austin_dern (austin_dern) wrote,
austin_dern
austin_dern

The Spanish Sahara is gone

I got up to Freehold Raceway Mall, which had just opened the Borders book store. You know that new-bookstore smell of books with paint. They hadn't yet debugged the door that goes from the bookstore to the mall without requiring a detour outside. I heard most every employee explain to another customer, ``We just opened today'' or ``we opened three hours ago''. One person asked how long the Borders had been here and was told, ``Since 9:30 today''. Despite the newness, employees were eager to ask if I was finding everything I wanted (I wanted nothing particular). I overheard one telling another the system was completely screwed up but there was nothing to be done about it.

I'd say it was successful, since I got a book about trains that I'd seen my last weeks in Singapore and wanted then, but didn't pick up for obvious reasons. I've been looking for it since, but never found a copy in North America before this. And on top of that I got two Asimov books I didn't have before, one of them the final collection of Black Widowers stories which was released several years ago but that I never saw in bookstores. So I would have to characterize the store as extremely satisfying so far.

I did explore the humor section, even though non-comic-strip shelves usually fill me with a vague despair that this apparently reflects the tastes of a preponderance of humor book buyers. I'm sure there are people amused by Outrageously Idiotic People and Hostility Directed Towards Ordinary Things and similar books, but I'm not among them. I have a similar sense of despair when I encounter an Adult Swim cartoon. Somehow it appears that the ``zany, sarcastic atlas'' has become a new comedic genre. Or at least there's two books with that theme out, one of them from The Onion. I know some strange cosmic law requires at least two of anything be made simultaneously, but ironic atlases?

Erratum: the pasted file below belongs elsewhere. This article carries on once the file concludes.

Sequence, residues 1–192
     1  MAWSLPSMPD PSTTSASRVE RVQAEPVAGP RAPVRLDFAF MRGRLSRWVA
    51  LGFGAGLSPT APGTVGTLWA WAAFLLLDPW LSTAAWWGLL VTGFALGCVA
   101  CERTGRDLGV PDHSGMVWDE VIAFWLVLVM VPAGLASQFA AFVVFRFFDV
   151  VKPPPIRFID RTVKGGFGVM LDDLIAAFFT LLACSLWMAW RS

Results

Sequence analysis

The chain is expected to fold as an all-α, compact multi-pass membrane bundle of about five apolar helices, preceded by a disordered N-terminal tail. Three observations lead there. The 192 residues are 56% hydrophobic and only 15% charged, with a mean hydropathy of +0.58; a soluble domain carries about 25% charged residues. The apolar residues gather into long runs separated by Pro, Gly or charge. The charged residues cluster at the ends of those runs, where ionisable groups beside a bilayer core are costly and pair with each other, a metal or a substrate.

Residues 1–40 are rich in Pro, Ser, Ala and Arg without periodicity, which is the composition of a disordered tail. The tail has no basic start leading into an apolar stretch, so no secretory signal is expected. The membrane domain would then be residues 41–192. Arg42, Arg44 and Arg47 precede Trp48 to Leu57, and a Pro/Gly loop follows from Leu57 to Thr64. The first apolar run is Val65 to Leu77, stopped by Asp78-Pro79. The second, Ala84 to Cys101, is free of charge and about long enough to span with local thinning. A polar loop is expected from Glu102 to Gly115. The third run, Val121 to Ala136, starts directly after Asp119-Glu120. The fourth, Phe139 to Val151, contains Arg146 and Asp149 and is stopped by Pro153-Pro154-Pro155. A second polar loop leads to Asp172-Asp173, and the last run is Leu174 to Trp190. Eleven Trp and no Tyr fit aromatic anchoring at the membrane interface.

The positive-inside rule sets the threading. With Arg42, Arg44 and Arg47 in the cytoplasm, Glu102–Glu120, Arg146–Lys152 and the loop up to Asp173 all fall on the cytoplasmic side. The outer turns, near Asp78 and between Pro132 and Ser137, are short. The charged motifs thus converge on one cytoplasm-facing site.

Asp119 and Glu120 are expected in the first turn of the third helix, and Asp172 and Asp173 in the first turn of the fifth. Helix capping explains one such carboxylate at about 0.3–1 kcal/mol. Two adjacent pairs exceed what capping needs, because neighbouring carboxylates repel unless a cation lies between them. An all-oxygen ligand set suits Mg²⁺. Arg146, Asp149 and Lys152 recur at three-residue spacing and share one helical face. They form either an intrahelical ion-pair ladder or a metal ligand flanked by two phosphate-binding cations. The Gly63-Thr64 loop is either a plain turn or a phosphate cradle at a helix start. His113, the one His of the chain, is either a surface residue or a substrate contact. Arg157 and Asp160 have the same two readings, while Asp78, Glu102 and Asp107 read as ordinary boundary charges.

Trivia: On 17 November 1526 Spain's Charles V allowed any subjects of his realms to go to America. Source: Empire: How Spain Became A World Power, 1492 - 1763, Henry Kamen.

Currently Reading: Attack from Atlantis, Lester Del Rey. Although the cover doesn't say so explicitly, one gets the feeling it was intended as a juvenile, what with the protagonist being a teen brought along on an experimental super-deep submarine accidentally bringing his dog along.

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